The following command installs the latest version 1.1 HpcVMDrivers extension on an existing RDMA-capable VM named myVM deployed in the resource group named myResourceGroup in the West US region:
Set-AzureRmVMExtension -ResourceGroupName "myResourceGroup" -Location "westus" -VMName "myVM" -ExtensionName "HpcVmDrivers" -Publisher "Microsoft.HpcCompute" -Type "HpcVmDrivers" -TypeHandlerVersion "1.1"
Cluster configuration options
Azure provides several options to create clusters of Windows HPC VMs that can communicate using the RDMA network, including:
Virtual machines - Deploy the RDMA-capable HPC VMs in the same availability set (when you use the Azure Resource Manager deployment model). If you use the classic deployment model, deploy the VMs in the same cloud service.
Virtual machine scale sets - In a VM scale set, ensure that you limit the deployment to a single placement group. For example, in a Resource Manager template, set the
Azure CycleCloud - Create an HPC cluster in Azure CycleCloud to run MPI jobs on Windows nodes.
Azure Batch - Create an Azure Batch pool to run MPI workloads on Windows Server compute nodes. For more information, see Use RDMA-capable or GPU-enabled instances in Batch pools. Also see the Batch Shipyard project, for running container-based workloads on Batch.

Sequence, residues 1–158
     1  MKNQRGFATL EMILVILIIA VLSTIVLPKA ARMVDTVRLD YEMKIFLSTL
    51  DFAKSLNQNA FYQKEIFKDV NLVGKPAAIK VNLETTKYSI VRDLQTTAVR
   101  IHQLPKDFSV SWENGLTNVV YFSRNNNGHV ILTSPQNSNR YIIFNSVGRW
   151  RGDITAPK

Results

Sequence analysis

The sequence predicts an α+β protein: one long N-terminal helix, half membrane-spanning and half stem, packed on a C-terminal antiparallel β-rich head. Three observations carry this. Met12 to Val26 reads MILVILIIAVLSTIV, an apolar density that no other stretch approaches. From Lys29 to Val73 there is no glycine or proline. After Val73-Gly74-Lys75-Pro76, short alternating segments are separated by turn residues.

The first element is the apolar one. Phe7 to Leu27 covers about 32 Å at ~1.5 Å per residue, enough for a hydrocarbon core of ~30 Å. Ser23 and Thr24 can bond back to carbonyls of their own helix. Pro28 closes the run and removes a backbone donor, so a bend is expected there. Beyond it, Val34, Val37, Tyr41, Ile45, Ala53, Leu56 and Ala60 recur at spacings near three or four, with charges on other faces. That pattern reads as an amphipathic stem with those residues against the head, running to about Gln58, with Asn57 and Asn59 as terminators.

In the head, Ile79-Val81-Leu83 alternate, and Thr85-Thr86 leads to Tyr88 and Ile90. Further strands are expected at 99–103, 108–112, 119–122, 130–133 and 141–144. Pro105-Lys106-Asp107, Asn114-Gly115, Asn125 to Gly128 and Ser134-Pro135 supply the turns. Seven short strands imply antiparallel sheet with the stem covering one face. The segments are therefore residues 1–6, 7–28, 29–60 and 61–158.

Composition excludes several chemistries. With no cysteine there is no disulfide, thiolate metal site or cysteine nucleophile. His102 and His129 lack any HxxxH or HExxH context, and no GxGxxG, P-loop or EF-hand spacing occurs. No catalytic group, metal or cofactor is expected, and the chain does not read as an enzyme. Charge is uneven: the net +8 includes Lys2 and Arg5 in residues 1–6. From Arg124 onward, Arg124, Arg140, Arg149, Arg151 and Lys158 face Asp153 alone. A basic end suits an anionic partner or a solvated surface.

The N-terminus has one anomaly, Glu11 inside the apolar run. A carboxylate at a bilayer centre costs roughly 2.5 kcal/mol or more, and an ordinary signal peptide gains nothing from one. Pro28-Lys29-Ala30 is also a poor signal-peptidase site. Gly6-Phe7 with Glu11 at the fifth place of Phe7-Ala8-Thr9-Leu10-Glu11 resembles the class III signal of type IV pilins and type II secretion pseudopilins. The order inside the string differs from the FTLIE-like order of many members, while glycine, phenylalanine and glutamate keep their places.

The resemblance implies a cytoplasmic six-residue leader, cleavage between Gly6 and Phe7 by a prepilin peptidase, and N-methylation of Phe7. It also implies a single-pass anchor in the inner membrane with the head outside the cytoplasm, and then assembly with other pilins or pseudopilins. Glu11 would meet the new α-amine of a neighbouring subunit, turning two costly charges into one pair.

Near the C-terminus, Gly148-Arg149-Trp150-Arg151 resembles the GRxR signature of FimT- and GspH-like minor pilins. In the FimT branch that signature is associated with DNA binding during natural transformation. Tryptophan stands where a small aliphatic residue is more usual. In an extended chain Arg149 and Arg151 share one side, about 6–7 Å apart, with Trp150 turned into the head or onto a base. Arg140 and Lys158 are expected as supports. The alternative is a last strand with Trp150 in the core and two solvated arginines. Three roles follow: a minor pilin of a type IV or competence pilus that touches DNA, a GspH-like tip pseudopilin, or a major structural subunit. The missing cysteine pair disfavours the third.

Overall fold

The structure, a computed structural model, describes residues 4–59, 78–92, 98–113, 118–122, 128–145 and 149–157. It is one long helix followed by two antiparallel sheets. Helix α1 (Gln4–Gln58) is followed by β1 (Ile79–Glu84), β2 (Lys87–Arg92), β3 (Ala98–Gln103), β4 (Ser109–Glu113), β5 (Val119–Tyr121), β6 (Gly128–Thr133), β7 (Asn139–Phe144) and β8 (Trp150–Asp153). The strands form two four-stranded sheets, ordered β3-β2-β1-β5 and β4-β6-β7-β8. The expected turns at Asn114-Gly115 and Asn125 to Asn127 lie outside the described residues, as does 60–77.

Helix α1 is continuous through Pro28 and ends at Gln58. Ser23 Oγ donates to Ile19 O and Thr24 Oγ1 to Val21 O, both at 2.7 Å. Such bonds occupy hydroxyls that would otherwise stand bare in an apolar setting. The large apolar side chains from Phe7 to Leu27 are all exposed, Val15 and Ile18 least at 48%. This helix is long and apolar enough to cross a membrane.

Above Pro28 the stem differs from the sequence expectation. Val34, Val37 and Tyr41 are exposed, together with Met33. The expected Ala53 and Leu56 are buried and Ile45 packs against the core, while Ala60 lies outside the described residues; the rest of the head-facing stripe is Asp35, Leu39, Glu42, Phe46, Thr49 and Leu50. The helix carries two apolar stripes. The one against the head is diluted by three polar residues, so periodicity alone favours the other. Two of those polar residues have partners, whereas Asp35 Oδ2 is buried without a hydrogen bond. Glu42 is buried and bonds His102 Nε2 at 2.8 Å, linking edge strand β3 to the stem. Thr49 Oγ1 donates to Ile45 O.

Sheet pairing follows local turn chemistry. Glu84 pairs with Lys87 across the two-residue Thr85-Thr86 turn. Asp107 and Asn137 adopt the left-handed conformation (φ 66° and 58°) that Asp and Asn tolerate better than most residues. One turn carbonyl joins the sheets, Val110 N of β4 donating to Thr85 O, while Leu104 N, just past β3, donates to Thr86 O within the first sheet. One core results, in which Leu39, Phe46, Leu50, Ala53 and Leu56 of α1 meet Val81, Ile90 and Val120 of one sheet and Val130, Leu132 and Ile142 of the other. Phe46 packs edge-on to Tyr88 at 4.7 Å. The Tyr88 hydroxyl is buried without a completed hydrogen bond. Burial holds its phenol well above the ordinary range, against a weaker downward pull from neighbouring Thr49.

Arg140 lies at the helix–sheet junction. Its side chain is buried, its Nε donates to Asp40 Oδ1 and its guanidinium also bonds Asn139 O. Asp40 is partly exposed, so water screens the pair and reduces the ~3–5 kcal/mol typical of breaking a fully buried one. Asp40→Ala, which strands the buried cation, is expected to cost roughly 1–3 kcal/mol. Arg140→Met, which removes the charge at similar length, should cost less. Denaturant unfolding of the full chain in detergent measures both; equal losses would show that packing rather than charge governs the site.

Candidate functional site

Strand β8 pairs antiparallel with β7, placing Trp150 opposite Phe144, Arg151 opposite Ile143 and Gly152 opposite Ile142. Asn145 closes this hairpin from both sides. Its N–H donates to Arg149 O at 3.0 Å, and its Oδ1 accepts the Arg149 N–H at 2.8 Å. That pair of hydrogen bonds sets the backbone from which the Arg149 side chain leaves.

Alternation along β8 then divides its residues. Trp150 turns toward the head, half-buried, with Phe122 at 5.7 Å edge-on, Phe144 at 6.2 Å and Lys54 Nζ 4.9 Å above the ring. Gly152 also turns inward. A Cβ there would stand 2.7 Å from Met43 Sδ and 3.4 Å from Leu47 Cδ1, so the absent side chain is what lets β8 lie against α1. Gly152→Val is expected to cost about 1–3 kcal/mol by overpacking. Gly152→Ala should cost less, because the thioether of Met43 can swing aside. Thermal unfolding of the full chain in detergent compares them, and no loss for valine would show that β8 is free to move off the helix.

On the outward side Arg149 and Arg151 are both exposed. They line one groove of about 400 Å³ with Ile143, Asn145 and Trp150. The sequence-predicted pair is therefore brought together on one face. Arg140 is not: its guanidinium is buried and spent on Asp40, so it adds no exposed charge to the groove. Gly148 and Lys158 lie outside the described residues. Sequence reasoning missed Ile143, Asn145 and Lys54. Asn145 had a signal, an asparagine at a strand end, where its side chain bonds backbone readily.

Microsoft HPC Pack - HPC Pack includes a runtime environment for MS-MPI that uses the Azure RDMA network when deployed on RDMA-capable Windows VMs. For example deployments, see Set up a Windows RDMA cluster with HPC Pack to run MPI applications.
- General purpose
- Compute optimized
- Memory optimized
- Storage optimized
- GPU optimized
- Previous generations
For checklists to use the compute-intensive instances with HPC Pack on Windows Server, see Set up a Windows RDMA cluster with HPC Pack to run MPI applications.
To use compute-intensive instances when running MPI applications with Azure Batch, see Use multi-instance tasks to run Message Passing Interface (MPI) applications in Azure Batch.
Learn more about how Azure compute units (ACU) can help you compare compute performance across Azure SKUs.